Car tax changes coming into effect in 2022 will see both petrol and diesel drivers hit by new charges.
From this spring, motorists will be affected by an increase in Vehicle Excise Duty (VED) – while new Benefit in Kind (BiK) changes and Clean Air Zones will also be introduced, creating further fees for some road users.
Owners of the most polluting petrol and diesel vehicles will pay more as a result of the changes, Wales Online reports.
VED charges are expected to increase for almost all emissions ranges, with those producing more pollution set for the highest rises.
Here are the changes affecting drivers in 2022:
Vehicle Excise Duty (VED)
VED, often called road tax, is rising with the retail prices index measure of inflation in April.
Vehicles that emit zero grams per kilometre of CO2 are expected to continue paying zero, while petrol- and most diesel-powered drivers (including hybrids) that emit between 1g and 50g per kilometre will pay £10 for the first 12 months.
Cars that emit between 51g and 5g per kilometre currently pay £25 for the first year.
Cars that emit between 76g and 150g per kilometre of CO2 saw their VED rates rise by £5 this year – to £220.
The more CO2 a car emits per kilometre, the more you are likely to pay next year.
The worst affected are usually cars that emit more than 255g per kilometre of CO2 – these currently set you back £2,245 a year in tax – it then rises each April.
You can find out how much you’re currently paying, here.
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The standard rate – the amount you pay after the second year – for cars registered on or after 1 April 2017 is currently £155 a year for anything other than zero-emissions vehicles.
HM Revenue and Customs said the update would “impact motorists owning a car, van or motorcycle”.
It said the increase in VED rates was in-line with RPI meaning rates will “remain unchanged in real terms for vehicle owners”.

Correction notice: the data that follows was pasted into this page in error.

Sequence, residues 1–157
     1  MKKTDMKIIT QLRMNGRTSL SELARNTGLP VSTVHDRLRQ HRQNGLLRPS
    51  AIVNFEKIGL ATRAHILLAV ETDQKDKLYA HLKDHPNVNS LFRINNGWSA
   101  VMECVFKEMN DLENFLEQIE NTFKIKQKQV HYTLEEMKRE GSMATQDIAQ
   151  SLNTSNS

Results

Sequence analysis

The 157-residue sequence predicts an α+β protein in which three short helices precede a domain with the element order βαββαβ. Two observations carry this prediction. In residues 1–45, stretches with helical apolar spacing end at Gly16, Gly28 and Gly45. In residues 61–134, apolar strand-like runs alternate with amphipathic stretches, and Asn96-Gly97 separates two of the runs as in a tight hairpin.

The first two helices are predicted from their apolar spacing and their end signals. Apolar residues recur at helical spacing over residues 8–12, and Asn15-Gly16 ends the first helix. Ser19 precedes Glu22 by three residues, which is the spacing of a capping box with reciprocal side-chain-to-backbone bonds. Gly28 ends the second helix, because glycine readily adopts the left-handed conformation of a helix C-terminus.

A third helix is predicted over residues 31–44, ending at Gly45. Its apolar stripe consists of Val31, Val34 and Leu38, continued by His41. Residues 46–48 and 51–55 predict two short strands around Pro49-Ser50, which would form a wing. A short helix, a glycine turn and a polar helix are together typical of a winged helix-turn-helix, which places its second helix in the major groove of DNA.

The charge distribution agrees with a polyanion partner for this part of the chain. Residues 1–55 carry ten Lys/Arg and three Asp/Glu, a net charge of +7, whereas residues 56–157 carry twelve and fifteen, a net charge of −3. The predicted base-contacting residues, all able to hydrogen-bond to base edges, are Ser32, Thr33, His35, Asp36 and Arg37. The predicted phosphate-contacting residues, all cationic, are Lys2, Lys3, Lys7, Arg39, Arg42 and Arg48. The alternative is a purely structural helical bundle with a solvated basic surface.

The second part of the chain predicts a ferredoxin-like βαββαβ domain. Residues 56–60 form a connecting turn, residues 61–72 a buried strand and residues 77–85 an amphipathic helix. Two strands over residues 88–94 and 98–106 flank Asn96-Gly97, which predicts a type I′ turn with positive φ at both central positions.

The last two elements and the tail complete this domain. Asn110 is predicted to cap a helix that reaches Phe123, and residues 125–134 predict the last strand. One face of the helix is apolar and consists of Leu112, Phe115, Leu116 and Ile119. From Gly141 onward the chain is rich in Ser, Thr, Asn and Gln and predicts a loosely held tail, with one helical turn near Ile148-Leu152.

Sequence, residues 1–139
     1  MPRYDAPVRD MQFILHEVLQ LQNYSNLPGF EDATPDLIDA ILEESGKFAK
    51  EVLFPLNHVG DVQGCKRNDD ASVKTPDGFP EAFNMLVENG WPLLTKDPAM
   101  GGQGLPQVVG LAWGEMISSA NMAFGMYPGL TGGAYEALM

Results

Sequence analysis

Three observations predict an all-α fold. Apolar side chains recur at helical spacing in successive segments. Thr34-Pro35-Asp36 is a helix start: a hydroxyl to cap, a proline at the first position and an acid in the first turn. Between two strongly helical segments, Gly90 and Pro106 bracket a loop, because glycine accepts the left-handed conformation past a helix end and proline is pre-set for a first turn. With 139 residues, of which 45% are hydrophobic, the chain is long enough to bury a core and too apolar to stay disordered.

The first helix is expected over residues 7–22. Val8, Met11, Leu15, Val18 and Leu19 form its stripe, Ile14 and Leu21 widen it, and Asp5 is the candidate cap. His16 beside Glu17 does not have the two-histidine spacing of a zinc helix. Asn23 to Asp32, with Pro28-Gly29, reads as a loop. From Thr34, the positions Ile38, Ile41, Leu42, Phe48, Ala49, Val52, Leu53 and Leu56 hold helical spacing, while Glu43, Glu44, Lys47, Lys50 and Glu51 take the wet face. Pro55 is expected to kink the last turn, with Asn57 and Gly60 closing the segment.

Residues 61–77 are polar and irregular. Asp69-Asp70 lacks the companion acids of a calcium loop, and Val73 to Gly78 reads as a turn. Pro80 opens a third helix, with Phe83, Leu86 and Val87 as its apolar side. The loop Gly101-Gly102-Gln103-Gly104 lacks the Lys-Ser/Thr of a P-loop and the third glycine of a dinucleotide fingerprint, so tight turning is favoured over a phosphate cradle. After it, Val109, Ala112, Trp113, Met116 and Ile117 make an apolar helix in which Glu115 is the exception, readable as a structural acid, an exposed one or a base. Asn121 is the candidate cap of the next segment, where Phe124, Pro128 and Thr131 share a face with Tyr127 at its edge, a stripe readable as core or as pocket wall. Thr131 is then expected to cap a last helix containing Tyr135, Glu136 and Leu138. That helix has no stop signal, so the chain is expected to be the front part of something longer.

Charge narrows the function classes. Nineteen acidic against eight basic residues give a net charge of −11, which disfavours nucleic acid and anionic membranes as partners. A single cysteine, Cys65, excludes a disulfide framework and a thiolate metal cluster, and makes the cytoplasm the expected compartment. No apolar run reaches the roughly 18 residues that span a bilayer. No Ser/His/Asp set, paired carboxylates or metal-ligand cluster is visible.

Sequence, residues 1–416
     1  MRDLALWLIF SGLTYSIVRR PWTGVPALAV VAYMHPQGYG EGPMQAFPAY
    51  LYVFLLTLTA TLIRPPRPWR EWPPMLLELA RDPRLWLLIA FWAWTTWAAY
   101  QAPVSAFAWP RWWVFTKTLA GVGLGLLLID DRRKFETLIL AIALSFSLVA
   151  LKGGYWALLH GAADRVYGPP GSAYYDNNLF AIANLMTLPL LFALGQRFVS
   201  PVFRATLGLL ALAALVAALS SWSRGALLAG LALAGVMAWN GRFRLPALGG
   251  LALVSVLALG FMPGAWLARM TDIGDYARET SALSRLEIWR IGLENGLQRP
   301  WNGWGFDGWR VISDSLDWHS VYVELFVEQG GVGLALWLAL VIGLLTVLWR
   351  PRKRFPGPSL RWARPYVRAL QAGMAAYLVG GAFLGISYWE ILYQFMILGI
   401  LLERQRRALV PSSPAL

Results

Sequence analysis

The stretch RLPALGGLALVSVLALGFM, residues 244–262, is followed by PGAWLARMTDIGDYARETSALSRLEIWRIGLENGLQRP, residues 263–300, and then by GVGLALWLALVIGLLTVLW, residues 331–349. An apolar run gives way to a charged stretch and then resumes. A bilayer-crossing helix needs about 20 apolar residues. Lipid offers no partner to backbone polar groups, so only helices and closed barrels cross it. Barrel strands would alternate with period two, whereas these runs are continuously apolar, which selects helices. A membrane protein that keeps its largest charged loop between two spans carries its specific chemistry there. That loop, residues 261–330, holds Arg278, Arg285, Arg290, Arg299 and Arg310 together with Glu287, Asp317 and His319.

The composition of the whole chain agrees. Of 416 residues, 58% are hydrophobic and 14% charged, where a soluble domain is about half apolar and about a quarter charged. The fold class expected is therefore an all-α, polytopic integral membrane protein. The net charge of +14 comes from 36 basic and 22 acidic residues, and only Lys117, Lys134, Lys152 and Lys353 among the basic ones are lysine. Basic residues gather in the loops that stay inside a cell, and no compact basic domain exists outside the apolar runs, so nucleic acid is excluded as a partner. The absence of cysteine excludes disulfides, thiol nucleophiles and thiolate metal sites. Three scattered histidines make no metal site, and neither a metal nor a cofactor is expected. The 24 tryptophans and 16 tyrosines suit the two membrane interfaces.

Benefit in Kind
Rates for those hiring a car under a salary sacrifice scheme are also set for new charges in 2022.
BiK rates will rise from one to two percent for fully electric cars and those producing between one and 50g/km of pollution with an electric range of more than 130 miles.
Prices will also increase by one percent for all other models regardless of pollution levels.
However, vehicles that produce 156 to 169g per km or over 170g per km will see no changes with fees remaining at 37 percent.
Clean Air Zones
Birmingham, Leeds, Newcastle & Manchester are the latest cities to latest to announce clean air zone charges.
Bradford’s charge will not apply to private cars and motorbikes even if drivers use them for work.
Minibuses and LGV such as vans will have to pay £9 per day to use the zone while HGV’s will pay £50.
Greater Manchester’s Clean Air Zone has a launch date set for 30 May 2022 in a bid to clean up pollution levels.
The new charge will also not affect private cars, motorbikes and mopeds but HGV’s, buses and taxis will be forced to pay from launch.
Vans and minibuses will get a one year reprieve as charges for these vehicles will not begin from June 2023.
Bradford Council said of the change: “A Clean Air Zone (CAZ) is a defined area where targeted action is taken to improve air quality. Through the use of a daily charge for entering the zone, the council will encourage affected vehicle owners to consider upgrading their vehicles to compliant standards.”
It said all money collected would be “invested in measures which improve air quality in the district”.
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